Jan Brueghel the Elder
- Jan Brueghel the Elder
- A Panoramic Landscape with a Covered Wagon and Travelers on a Highway
- signed and dated lower right BRVEGHEL 1612
the reverse stamped with the coppersmith's mark of Peeter Stas1
- oil on copper
With Slatter Gallery, London, 1954;
Anonymous Sale (The Property of a Continental Collector), London, Christie's, 11 April 1986, lot 36;
With David Koester, Zürich, by 1989;
Private Collection, Hamburg.
Zürich, David Koetser Gallery, Fine Old Master Paintings: The Dutch, Flemish and Italian Schools, 1991, no. 10.
A Panoramic Landscape with a Covered Wagon is a quintessential example of Jan Brueghel's small landscapes. The wonderful variety of forms and motifs, together with the intense color and beautiful surface of the picture, provide a visual delight and are clear indications of why the artist's popularity has endured for four centuries. Here a wagon and a cart pass each other on a well traveled road, the wagon heading toward the market town, whose steeples and towers we see in the distance, while the carter is apparently returning home. The road climbs up a gentle hill, marked by another wagon and two riders at its crest and then disappears from our view on the downward slope. In the middle distance are pale green fields and then in the far distance, the shimmering blue of the city.
A Panoramic Landscape with a Covered Wagon reflects Brueghel's mature landscape style, which can be seen in his paintings from about 1610 onwards. Rather than the bird's-eye view that predominated in the sixteenth century, he chose an only slightly elevated vantage point, bringing the viewer closer to the scene, but still preserving a distance between the spectator and the subject. He also developed a more subtle means of creating a sense of recession in place of the strictly defined bands of color and light that were characteristic of previous generations. It can be compared to other works from the period such as A Country Road with a Baggage Train, Munich, Alte Pinakotek, or A Panoramic Landscape with Travelers and a Wagon, sharing compositional elements as well as specific motifs such as the animal skeleton by the roadside and the birds of prey.2 However, in contrast to these and many of his other paintings of this time, there is a remarkable stillness in A Panoramic Landscape with a Covered Wagon. The figures are in movement, but except for the two boys begging at the side of the wagon and the couple in the right middle distance, they have no interaction with each other and appear completely self-contained.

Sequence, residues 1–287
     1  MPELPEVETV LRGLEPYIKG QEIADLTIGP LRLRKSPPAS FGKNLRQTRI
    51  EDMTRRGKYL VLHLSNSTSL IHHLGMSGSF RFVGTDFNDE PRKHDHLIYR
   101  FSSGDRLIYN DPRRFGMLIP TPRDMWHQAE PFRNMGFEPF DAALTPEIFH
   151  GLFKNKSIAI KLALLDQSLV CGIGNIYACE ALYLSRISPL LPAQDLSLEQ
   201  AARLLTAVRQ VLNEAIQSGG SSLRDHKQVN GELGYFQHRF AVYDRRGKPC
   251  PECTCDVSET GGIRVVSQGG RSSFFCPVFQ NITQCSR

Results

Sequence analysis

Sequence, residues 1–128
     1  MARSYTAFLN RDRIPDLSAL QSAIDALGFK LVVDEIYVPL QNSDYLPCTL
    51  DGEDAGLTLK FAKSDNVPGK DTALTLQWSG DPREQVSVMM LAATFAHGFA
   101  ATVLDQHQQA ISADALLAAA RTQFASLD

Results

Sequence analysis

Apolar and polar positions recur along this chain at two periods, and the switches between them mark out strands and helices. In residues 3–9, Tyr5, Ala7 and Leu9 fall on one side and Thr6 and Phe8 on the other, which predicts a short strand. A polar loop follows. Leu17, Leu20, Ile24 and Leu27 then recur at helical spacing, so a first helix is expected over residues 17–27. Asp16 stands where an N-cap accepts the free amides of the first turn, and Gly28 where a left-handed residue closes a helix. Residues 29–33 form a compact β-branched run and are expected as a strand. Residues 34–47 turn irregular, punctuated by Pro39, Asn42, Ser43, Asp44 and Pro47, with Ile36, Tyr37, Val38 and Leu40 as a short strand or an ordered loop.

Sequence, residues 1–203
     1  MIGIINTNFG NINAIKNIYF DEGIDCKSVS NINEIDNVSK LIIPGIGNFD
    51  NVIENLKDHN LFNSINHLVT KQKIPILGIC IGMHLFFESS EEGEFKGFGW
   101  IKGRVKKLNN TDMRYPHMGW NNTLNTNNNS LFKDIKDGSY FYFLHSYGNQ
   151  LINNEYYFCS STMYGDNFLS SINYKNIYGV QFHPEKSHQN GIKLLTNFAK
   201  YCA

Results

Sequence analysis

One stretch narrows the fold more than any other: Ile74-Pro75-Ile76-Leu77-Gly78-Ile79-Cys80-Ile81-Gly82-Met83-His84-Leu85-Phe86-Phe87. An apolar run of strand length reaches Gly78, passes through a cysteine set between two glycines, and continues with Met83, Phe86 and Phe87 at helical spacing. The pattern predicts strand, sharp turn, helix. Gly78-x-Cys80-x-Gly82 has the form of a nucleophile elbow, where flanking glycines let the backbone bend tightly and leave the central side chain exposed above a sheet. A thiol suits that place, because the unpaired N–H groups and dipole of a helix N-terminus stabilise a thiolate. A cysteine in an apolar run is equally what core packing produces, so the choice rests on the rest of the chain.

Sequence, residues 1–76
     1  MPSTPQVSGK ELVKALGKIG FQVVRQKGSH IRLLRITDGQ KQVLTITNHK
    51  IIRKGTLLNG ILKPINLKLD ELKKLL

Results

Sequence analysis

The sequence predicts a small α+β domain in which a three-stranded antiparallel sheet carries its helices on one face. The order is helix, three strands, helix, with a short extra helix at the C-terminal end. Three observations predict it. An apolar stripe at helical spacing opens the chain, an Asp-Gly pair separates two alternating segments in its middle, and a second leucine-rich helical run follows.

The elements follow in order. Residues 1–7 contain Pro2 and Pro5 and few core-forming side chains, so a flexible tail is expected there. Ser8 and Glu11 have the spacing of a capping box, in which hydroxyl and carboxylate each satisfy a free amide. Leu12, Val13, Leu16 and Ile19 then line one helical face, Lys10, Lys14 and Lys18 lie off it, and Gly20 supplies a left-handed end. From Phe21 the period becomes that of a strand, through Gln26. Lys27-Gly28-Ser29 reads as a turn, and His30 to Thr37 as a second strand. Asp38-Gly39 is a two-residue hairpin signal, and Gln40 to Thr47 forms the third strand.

The present work, like the two works mentioned above, is painted on copper -- a support that is perhaps ideal for these small, brilliant paintings. It offers a surface that is almost perfectly smooth, allowing Brueghel to display to full advantage the variety of his brush strokes and his uncanny ability to control them on a small scale. Because the copper absorbs so little of the paint, the individual strokes seem to stand up on the surface more than on a panel or canvas. We can see this in the tiny dark leaves of the tree in the right foreground and the bright yellow-green foliage further back, as well as in the miniscule blades of grass. By contrast, he paints the cow and herder far more broadly, capturing the animal's back legs and the man's drooping trouser with just a few bold strokes. The bright reds and blues of the figures' clothing almost glitter against the greens and earth tones of the landscape, creating, as so often said, a jewel-like effect. The sheer beauty of the work and marvelous control that Brueghel demonstrates here in A Panoramic Landscape with a Covered Wagon distinguish his finest pictures and set him apart from his contemporaries.
1. The mark is of the same type and size as illustrated by I. Wadum, "Antwerp Copper Plates," in Copper as Canvas, Two Centuries of Masterpiece Paintings on Copper 1575-1775, exhibition catalogue, Phoenix Art Museum 1999, p. 102, fig. 5.4.
2. Ertz, Op. cit., cat. nos. 24 and 49, and pp. 143-44.